Great Mills High School sophomores with team “Air Hornets” work together to quickly trouble shoot their quadcopter’s GPS navigation system in the midst of the 2015 STEM4UAS competition on May 30.(U.S. Navy Photo)
Editor’s note: This story is the last in a three part series tracking the Great Mills High School students’ 2015 STEM Academy progress and involvement with 2015 STEM4UAS competition.
Patuxent River, MD — The morning was abuzz with 10th grade science, technology, engineering and mathematics (STEM) Academy students from Great Mills High School and across the tri-county area competing in the 2015 STEM4UAS competition at Greenwell State Park in Hollywood, Maryland.
The 2015 STEM4UAS high school competition was the first UAS robotics competition in the tri-county area. On May 30, 2015, each team, made up of six to ten students, flew a comprehensive mock rescue mission using unmanned aerial systems (UAS) quadcopters they built, programmed, and flew over the course of the semester.
“Real Men of Genius” from the home school chapter TORCH was named the first place winner in this year’s competition. In a close second and third place, were teams “Inside Joke” and “Quad Squad,” both of Great Mills High School.
The teams were successful at meeting the competition’s five search and rescue mission objectives. These included surveying six specific terrain waypoints; locating, classifying and photographing five specific items of interest; delivering a water bottle to a remote marked location and demonstrating an autonomous landing on the first attempt.
The students, most of them from Great Mills High School in Lexington Park, Maryland, spent three months building and programming their quadcopter for the competition.
“Everything is going well,” said Allen Skinner, STEM 10 physics and engineering science teacher at GMHS, in the midst of the competition. “They are thinking like engineers and the most important part to me is that they are learning to work as team.”
The competition allowed the students to experience and overcome real engineering setbacks in executing their flight mission plans. During the process of planning and building the UAS, the students figured out how to attach and control a payload delivery device to their quadcopter.
“We couldn’t be more proud of the accomplishments of this initial effort, and excited about future opportunities that we are currently developing,” Holly Kellogg, director of STEM & NAWCAD Educational Outreach said.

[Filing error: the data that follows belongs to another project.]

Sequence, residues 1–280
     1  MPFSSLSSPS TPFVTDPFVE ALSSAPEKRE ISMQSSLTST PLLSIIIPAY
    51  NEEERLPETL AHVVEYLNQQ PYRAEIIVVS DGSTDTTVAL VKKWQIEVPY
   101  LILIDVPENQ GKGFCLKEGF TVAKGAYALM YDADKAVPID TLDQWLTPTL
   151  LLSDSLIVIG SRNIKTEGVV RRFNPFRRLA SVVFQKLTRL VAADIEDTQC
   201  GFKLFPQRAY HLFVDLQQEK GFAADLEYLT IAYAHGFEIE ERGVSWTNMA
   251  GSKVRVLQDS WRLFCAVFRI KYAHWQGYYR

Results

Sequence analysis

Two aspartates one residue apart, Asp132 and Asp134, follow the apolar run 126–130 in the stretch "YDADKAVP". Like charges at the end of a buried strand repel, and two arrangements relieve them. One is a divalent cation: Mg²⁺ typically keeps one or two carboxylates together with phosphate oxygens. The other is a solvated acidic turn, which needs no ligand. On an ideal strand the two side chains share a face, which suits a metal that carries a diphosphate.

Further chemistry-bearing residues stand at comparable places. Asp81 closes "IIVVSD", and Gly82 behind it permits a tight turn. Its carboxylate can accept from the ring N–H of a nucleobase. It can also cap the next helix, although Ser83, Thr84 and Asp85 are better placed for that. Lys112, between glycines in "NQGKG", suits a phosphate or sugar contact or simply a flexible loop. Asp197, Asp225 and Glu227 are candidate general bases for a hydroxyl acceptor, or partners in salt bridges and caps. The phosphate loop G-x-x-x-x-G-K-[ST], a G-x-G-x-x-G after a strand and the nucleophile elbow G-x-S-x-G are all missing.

“The NAWCAD Educational Outreach Office supported this effort by furnishing the equipment and is encouraging the next generation to learn to build, program, test, and especially to fly responsibly,” she added.
Kellogg explained the Department of Defense, and Navy in particular, are right at the forefront in using unmanned aerial systems.
“There is a tremendous future need here, and we are enabling our youth to begin to develop their skills safely, and under the supervision of professionals [at Naval Air Station Patuxent River] and the [Academy of Model Aeronautics],” she said.
The UAS robotics curriculum and rescue mission scenario was a collective effort between Skinner, the NAWCAD Educational Outreach office, volunteer engineers from the Patuxent River Naval Air Station, Fly-Robotics.com, and Patuxent Aeromodelers who are local members of the Academy of Model Aeronautics (AMA) community at Greenwell State Park, Maryland. Together, they created STEM4UAS, which supported each team.
Editor’s note: Upon the competition’s conclusion, the program’s format was adopted nationally by the AMA and retitled as UAS4STEM on Aug. 1, 2015. The AMA reorganized the competition for eighth- to 12th-graders, allowing students across the nation to form their own local teams of four to eight members to begin competing in 2016.
Emily Lewin, sophomore with Great Mills High School, inputs unmanned aerial systems (UAS) quadcopters flight coordinates for team “Inside Joke.” (U.S. Navy Photo)